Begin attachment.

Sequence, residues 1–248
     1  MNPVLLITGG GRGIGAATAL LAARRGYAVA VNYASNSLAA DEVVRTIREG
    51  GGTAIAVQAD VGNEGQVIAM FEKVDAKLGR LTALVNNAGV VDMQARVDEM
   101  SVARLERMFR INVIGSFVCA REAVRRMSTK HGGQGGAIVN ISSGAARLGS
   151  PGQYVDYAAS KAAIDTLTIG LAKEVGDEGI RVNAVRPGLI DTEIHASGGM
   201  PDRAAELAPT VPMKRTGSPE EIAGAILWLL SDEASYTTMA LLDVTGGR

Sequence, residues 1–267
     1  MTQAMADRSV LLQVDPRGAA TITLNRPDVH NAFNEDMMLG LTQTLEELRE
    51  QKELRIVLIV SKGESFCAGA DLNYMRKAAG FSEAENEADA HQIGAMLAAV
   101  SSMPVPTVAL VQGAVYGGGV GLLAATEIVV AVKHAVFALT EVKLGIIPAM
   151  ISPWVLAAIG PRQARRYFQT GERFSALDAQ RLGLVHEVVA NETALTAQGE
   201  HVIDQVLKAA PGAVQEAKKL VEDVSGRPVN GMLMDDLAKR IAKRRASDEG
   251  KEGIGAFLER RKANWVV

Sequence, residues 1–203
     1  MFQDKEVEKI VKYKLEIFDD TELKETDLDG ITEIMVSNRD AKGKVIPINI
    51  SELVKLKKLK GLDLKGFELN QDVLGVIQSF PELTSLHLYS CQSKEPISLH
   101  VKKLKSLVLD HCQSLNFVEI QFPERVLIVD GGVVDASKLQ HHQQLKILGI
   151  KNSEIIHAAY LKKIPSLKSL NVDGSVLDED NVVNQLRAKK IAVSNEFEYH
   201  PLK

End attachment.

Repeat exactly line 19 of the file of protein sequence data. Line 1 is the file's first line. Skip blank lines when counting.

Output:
   201  PLK